Orders of the Day — British Nationality Bill: Requirements for Naturalisation ( 4 Jun 1981)

Mr Edward Lyons: The hon. Gentleman is right. I was referring to one special category of person. It is true that those who come to marry white women normally have no difficulty because the women have been born in Britain. None the less, there is an argument for parity of treatment between males and females. It seems that there is no good reason for taking away a right, or introducing rules which make it more...

Orders of the Day — British Nationality Bill: Requirements for Naturalisation ( 4 Jun 1981)

Mr Edward Lyons: I beg to move amendment No. 111, in page 42, line 42, leave out 'and (c)'. The amendment would have the effect of exempting from the language requirement spouses of British citizens. Any woman who married a citizen of the United Kingdom and Colonies could always apply for registration. That did not involve a language test. Therefore, she could obtain citizenship without having to overcome...

Orders of the Day — British Nationality Bill: Requirements for Naturalisation ( 4 Jun 1981)

Mr Edward Lyons: If my memory is correct, the situation in Committee was not as simple as has been portrayed. I believe that the right hon. Gentleman will find that those whom he says opposed him will find no difficulty in supporting my amendment.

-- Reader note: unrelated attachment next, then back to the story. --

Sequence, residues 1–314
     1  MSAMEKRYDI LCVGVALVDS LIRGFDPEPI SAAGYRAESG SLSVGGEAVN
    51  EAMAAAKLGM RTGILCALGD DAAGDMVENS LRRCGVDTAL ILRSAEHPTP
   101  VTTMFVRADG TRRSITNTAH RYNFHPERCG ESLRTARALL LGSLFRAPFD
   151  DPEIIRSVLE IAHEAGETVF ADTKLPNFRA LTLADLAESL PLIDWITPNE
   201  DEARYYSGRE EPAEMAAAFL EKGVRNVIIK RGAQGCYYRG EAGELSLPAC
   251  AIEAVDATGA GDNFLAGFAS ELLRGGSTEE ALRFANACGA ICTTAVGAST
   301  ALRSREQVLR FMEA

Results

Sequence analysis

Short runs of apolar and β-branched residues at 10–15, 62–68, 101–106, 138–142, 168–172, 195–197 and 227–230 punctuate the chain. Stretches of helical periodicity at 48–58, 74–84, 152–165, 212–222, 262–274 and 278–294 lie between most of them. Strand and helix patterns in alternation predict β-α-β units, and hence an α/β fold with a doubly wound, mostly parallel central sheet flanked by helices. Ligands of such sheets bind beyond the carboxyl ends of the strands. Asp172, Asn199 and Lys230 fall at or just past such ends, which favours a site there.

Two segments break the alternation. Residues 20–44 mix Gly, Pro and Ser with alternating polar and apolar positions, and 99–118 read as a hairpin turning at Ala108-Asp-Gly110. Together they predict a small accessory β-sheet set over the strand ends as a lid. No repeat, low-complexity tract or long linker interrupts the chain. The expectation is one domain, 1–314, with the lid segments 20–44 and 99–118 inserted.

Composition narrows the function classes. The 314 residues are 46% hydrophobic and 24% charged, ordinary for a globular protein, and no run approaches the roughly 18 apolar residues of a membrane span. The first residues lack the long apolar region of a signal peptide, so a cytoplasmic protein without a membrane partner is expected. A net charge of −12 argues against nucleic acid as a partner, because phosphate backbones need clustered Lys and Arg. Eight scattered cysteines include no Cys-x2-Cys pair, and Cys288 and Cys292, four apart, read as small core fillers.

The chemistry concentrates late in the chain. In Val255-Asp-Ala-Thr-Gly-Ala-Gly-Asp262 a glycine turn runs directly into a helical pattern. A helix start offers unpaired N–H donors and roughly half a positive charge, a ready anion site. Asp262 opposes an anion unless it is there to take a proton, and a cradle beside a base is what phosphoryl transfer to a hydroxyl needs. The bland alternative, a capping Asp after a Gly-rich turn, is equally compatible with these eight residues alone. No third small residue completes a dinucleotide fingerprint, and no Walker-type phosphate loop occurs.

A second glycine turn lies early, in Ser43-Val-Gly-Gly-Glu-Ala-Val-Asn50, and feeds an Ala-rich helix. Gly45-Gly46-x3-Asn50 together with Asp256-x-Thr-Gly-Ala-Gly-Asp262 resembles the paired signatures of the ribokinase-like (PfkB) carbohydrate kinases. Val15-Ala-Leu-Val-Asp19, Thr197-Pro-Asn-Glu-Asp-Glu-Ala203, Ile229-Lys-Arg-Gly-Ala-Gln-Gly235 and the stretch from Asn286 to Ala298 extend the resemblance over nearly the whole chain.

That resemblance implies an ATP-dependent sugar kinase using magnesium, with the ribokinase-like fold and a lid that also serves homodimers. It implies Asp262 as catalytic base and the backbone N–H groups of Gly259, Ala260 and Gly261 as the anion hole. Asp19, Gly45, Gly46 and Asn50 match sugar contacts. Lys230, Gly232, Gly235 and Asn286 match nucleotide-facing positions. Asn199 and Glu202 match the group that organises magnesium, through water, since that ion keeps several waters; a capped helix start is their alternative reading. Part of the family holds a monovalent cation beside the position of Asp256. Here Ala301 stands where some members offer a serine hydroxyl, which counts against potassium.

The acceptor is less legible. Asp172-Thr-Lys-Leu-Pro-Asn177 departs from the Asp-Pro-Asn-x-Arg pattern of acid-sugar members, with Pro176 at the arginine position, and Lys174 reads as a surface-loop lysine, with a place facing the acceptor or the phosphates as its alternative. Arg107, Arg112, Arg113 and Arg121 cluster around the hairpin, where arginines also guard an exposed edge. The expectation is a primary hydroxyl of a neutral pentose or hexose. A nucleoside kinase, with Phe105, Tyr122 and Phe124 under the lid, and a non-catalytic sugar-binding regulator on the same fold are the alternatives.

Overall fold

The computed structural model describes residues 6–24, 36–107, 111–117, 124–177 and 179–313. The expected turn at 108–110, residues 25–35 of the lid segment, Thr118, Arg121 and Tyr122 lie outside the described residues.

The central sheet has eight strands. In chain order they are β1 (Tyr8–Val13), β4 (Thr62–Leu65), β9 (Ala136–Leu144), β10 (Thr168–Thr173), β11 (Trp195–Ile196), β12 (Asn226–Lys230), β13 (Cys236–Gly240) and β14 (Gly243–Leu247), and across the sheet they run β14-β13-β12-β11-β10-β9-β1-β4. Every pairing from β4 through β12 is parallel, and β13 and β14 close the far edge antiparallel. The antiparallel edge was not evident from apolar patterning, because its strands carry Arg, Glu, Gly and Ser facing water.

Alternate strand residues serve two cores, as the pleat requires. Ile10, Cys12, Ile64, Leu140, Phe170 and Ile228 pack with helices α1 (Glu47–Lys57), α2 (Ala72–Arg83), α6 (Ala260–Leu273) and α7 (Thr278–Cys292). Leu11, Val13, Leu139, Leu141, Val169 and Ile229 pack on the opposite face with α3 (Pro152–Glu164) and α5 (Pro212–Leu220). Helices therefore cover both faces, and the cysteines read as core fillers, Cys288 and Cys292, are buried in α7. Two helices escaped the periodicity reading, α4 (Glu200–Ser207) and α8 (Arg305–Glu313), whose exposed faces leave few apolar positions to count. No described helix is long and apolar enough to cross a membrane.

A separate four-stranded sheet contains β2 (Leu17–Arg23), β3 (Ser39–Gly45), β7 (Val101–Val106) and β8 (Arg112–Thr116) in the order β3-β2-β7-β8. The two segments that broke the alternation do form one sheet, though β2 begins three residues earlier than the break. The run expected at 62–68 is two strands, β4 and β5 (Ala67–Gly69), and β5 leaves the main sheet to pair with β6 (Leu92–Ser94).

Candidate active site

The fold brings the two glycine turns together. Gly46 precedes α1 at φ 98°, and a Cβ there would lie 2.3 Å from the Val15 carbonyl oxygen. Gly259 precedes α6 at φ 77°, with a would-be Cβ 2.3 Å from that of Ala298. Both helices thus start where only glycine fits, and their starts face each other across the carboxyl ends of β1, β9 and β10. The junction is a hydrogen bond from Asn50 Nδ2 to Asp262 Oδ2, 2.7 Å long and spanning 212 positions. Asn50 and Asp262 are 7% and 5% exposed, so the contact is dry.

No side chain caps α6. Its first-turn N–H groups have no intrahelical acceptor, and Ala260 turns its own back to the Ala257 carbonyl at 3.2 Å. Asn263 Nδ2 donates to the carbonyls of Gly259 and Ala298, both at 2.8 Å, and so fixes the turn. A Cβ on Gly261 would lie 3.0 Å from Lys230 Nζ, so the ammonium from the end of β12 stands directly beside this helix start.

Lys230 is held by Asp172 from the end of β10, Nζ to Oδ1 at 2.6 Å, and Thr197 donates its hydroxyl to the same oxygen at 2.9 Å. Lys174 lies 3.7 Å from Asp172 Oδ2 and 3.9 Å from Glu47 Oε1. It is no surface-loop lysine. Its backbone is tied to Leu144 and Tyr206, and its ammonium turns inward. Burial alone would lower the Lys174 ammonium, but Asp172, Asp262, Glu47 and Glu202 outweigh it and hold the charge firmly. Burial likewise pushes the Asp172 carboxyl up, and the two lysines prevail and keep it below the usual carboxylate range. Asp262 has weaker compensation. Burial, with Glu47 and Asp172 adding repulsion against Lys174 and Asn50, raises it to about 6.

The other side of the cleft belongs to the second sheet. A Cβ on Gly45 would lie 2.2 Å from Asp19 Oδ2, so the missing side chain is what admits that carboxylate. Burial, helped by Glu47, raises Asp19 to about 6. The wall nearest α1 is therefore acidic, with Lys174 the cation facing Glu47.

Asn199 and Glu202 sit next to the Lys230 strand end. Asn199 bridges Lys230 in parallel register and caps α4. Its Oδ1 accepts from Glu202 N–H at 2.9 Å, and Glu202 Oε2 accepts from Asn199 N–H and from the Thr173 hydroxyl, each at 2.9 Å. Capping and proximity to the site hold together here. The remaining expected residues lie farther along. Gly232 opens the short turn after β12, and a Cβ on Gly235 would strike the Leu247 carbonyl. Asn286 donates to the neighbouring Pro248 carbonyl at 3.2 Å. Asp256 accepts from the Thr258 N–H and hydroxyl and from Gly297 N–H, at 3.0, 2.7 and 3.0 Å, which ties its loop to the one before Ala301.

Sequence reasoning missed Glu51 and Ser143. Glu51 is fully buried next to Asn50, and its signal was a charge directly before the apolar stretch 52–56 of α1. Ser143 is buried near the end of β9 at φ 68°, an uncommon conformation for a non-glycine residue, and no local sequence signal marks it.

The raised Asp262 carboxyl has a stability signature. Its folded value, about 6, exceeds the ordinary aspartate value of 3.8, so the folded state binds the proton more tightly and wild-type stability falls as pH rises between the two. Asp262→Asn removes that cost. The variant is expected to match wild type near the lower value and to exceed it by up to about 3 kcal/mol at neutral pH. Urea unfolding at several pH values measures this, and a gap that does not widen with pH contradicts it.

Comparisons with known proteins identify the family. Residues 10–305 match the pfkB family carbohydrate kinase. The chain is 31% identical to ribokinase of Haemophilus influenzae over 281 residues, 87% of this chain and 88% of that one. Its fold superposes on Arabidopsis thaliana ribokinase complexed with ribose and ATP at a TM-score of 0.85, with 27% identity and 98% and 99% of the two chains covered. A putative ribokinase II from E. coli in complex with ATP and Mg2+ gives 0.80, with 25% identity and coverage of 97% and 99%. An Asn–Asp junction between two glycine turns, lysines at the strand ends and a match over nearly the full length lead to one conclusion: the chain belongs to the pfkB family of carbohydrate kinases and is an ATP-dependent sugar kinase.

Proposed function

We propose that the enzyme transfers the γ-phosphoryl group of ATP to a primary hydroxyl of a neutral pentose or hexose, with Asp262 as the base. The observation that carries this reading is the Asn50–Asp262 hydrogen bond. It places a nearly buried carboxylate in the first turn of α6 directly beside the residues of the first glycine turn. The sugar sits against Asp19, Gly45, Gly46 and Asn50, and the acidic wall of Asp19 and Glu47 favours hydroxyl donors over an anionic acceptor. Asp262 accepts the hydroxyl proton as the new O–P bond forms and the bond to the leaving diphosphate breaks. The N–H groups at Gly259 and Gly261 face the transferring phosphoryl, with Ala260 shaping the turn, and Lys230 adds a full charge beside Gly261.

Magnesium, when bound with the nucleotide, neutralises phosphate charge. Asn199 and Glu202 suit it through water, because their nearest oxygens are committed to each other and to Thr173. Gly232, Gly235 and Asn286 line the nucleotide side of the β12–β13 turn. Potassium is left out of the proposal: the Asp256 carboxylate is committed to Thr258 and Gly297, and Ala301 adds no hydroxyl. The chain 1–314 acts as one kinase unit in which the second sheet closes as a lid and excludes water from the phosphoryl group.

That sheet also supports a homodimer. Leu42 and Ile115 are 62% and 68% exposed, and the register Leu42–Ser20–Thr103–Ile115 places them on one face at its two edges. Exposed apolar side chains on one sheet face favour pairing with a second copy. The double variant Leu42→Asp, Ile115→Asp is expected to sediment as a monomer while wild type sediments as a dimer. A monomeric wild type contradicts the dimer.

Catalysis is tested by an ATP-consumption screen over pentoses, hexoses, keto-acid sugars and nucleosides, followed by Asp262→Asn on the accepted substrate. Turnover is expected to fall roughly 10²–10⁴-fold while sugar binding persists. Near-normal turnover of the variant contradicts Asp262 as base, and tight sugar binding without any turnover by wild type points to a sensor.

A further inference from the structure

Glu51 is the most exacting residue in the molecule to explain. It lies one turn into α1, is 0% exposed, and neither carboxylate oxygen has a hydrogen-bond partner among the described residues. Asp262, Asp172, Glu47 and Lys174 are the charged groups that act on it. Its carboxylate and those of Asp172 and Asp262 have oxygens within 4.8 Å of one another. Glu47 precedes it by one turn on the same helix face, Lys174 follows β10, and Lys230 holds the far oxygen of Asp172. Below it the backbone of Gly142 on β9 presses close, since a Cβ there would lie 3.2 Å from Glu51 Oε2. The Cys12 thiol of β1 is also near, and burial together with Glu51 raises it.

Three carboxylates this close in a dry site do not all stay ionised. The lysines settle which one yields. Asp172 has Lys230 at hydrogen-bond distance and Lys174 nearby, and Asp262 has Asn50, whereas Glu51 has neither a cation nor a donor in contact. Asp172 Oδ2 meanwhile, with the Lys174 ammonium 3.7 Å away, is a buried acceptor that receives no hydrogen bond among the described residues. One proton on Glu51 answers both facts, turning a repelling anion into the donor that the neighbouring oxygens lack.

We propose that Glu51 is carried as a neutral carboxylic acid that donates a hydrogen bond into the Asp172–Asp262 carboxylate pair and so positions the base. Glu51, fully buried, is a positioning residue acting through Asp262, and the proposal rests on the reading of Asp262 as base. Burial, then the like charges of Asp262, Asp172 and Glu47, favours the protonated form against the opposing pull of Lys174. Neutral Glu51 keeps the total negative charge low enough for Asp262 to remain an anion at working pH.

Orders of the Day — British Nationality Bill: Decisions Involving Exercise of Discretion ( 4 Jun 1981)

Mr Edward Lyons: I beg to move amendment No. 112, in page 31, line 19, leave out 'or review in'. The intention of the amendment is to ensure that there shall be a right of judicial review of refusals of applications for citizenship. On Tuesday, the House debated a new clause tabled by the official Opposition seeking to set up an appeal tribunal against refusal. In addition, a new clause, which was not...

Orders of the Day — British Nationality Bill: Decisions Involving Exercise of Discretion ( 4 Jun 1981)

Mr Edward Lyons: The hon. Gentleman asks whether writs of certiorari and mandamus are a method of judicial review. I suppose that they are, as the present system is their successor. None the less, for the Government to go out of their way to exclude an examination of the way in which decisions are reached shows a nervousness which a self-respecting Home Office need not show if it is confident that all its...